LG to decide on reopening of spas, Delhi govt tells high court
The Delhi government on Tuesday informed the Delhi high court that it has forwarded the file for the reopening spas in the national capital to lieutenant-governor (LG) Anil baijal, who will take a final decision in the matter.
Justice Rekha Palli said irrespective of when the city government plans to resume spa services, it should consider imposing conditions such as mandatory vaccination of both staff and client, as well as capping the visitor numbers to spas. It granted time to the Delhi government till July 27 to decide on the resumption of services.
The court was hearing a plea by spa owners, who contended that they were aggrieved by the “inordinate delay” in allowing spa centres to reopen. The plea sought directions to the authorities to decide the matter of reopening spas in Delhi within a week.
A lockdown was imposed in Delhi on April 15, to control the second and most deadly wave of Covid-19 that raged on till Mid-May. All spas along with malls, bars, gyms, restaurants and shops were closed; but except for spas, all other facilities were allowed to reopen in a staggered manner in June.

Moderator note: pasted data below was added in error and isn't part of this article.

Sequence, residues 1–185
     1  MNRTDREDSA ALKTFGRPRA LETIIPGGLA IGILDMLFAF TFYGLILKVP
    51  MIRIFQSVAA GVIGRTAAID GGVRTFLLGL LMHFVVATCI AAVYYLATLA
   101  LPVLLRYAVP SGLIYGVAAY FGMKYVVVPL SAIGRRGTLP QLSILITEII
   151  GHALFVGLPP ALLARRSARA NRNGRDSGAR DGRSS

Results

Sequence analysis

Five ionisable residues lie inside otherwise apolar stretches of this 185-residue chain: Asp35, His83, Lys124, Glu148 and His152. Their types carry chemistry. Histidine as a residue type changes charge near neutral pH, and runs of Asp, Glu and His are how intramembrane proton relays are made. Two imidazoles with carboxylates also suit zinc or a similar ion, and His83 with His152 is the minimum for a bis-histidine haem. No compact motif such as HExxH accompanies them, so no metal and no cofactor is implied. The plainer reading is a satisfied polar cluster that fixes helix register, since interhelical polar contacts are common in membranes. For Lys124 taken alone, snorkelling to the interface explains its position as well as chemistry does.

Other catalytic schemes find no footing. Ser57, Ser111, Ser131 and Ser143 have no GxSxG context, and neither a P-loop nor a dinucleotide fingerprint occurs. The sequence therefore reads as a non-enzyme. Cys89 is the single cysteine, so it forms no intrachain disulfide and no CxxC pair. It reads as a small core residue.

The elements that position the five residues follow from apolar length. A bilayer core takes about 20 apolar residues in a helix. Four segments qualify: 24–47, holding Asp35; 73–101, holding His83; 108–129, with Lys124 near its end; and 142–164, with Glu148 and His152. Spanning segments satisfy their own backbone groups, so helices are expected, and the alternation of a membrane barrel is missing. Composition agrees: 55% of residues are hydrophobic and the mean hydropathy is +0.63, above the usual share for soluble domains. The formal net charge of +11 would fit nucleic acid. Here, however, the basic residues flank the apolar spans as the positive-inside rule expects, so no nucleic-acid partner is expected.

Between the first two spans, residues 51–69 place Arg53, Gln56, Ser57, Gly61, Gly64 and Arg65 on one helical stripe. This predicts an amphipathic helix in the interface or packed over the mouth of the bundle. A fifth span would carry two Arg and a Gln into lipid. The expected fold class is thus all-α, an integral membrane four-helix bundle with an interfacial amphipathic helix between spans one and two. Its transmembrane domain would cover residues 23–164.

On Tuesday, Delhi government’s additional standing counsel Naushad Ahmed Khan informed the court that the file has been sent to the LG for his final decision and sought time from the court.
Advocate Manik Dogra, appearing for spa owners, said thousands of employees have been affected by the indefinite closure. He said as a precautionary measure, they were ready to get the staff vaccinated before reopening.
The court noted the submissions and posted the matter for further hearing to July 27.
The petitioners have also challenged the guidelines issued by the government on June 26, 2021, through Delhi Disaster Management Authority, by virtue of which salons, gymnasiums and yoga institutions have been allowed.
referring to an order of the high court, passed on January 14, directing reopening of spas that were closed during the first wave of the pandemic, the petitioners said the slightly higher percentage of risk due to the proximity of the client and the service provider can be obviated by prescribing stricter measures and safeguards rather than continuing to keep such establishments closed.